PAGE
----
All eyes on Brazil
The last time the World Cup was played in Brazil in 1950 the hosts were denied what many thought would have been a routine victory by Uruguay’s Juan Alberto Schiaffino and Alcides Ghiggia who scored in a 2-1 upset triumph.
This time around Brazilians will be hoping that coach Luiz Felipe Scolari can repeat his 2002 gift to the football-crazed nation. He has several terrific players from which to draw and nothing but a sixth title will satisfy the home fans. Such is the strength of the team that the likes of Kaka and Robinho could not break into the final 23 players named.
Scolari also has the required major tournament know-how, the players are talented and well-drilled, a passionate home crowd will surely inspire the team again, as they did at the Confederations Cup in the summer, and even the iconic yellow jerseys can intimidate the opposition.
There aren’t many weaknesses in the squad, but the paucity of centre-forward options is a potential concern. First-choice Fred was injured earlier in the season and Diego Costa opted to represent Spain, so former Manchester City and Everton striker Jo could play a part.
Neymar is pivotal to Brazil. Full of energy and deft touches, and able to dribble at incredible speed, he is the player most capable of changing a game for Scolari’s side. The 22-year-old World Cup poster boy – who joined Barcelona last summer for £48.6m – appears unfazed by the public expectation, scoring 13 times in his last 16 caps.
One player to look out for is 21-year-old Bernard who Scolari says “has joy in his legs”. Direct, quick, and a bundle of energy, the 5ft 5in winger made his full debut for Brazil in September and scored his first goal against Honduras in November. Once considered too small for professional football, Shakhtar Donetsk paid £21.5m for him last summer.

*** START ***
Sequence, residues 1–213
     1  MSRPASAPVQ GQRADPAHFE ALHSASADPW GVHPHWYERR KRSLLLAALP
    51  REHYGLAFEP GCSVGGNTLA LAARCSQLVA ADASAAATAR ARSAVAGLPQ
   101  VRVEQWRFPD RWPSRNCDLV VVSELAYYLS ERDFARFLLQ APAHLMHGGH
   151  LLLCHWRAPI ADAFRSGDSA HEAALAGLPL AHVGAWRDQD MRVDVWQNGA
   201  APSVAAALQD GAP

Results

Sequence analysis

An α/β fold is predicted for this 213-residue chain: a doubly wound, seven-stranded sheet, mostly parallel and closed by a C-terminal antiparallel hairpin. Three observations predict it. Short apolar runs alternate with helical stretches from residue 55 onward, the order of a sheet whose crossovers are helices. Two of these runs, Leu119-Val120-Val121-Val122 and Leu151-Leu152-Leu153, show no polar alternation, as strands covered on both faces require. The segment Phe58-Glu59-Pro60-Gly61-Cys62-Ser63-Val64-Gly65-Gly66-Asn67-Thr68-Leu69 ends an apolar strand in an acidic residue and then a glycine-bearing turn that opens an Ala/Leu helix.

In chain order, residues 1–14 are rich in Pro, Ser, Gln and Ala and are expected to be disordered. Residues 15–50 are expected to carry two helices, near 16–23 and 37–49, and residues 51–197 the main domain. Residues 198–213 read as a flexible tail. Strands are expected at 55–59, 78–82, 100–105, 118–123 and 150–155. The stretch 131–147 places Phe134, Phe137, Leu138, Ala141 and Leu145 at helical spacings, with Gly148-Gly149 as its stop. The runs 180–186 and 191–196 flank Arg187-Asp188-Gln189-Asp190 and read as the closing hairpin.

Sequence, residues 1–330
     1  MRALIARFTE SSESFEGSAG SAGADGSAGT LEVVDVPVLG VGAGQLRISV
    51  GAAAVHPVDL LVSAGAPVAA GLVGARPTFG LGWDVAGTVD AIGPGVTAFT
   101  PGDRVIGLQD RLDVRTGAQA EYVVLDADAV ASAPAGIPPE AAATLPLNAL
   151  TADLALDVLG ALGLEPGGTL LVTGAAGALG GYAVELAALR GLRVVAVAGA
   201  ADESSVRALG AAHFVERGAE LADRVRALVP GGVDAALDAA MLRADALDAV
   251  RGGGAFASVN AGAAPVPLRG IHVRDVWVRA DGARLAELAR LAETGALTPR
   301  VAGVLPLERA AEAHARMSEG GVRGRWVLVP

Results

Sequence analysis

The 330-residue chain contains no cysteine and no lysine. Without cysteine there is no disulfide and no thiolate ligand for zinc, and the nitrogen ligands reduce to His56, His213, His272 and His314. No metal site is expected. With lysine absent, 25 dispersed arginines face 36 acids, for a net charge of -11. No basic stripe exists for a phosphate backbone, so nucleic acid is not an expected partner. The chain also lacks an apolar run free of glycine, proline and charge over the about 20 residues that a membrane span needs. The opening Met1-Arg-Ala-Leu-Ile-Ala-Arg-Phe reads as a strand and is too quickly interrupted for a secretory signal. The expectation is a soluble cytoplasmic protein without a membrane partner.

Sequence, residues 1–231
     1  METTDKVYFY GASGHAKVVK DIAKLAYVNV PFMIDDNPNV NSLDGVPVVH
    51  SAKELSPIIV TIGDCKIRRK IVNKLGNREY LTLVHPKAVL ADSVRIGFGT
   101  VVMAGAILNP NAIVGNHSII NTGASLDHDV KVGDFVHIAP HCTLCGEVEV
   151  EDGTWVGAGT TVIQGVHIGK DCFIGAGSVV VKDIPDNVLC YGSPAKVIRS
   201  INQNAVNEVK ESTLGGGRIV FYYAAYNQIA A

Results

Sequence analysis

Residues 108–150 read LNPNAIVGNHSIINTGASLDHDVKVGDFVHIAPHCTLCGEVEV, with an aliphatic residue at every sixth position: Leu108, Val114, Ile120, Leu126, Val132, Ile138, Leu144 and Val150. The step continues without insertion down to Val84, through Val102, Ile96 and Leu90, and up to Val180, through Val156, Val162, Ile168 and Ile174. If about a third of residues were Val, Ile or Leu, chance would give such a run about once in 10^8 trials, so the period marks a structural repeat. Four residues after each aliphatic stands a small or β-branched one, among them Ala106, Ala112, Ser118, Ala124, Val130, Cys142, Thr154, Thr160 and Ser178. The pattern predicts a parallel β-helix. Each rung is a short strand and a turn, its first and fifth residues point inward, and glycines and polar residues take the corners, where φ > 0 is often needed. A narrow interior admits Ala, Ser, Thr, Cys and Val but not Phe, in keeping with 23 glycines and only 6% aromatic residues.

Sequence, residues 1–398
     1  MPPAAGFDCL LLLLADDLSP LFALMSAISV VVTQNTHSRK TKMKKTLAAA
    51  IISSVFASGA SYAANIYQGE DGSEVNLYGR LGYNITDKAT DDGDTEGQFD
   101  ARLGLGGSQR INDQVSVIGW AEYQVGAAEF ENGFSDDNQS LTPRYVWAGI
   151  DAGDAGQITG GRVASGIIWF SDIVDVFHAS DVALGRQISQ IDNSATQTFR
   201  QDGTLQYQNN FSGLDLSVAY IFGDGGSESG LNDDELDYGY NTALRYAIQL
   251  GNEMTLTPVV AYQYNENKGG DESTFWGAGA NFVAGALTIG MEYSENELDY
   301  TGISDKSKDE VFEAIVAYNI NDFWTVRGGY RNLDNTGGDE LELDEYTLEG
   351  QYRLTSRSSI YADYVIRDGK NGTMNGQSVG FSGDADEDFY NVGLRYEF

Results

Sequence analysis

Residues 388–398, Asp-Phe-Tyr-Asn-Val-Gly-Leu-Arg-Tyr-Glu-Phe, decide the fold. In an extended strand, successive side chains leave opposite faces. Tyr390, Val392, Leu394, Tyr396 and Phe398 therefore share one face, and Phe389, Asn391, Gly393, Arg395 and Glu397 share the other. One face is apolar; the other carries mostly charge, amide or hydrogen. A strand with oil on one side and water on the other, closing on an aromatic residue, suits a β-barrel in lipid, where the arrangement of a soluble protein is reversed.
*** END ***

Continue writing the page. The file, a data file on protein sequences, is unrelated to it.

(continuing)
Reappointed in November 2012, World Cup-winning coach Luiz Felipe Scolari has recovered from a poor start to his second spell in charge to shape Brazil into
a side he is “100 percent sure… will be the champion” this summer.
The 65-year-old led Portugal to the Euro 2004 final, 2006 World Cup semi-finals and last eight at Euro 2008 between his spells as Brazil boss.
Brazil are the only nation to have played at every World Cup, winning the competition a record five times, the last being in 2002. They are currently ranked fourth in the world.
Goalkeepers: Julio Cesar (Toronto FC, on loan from QPR), Jefferson (Botafogo), Victor (Atletico Mineiro).
Defenders: Marcelo (Real Madrid), Daniel Alves (Barcelona), Maicon (AS Roma), Maxwell, Thiago Silva (both Paris St-Germain), David Luiz (Chelsea), Dante (Bayern Munich), Henrique (Napoli).
Midfielders: Paulinho (Tottenham Hotspur), Ramires, Willian, Oscar (all Chelsea), Hernanes (Inter Milan), Luiz Gustavo (Wolfsburg), Fernandinho (Manchester City).
Forwards: Bernard (Shakhtar Donetsk), Neymar (Barcelona), Fred (Fluminense), Jo (Atletico Mineiro), Hulk (Zenit St Petersburg).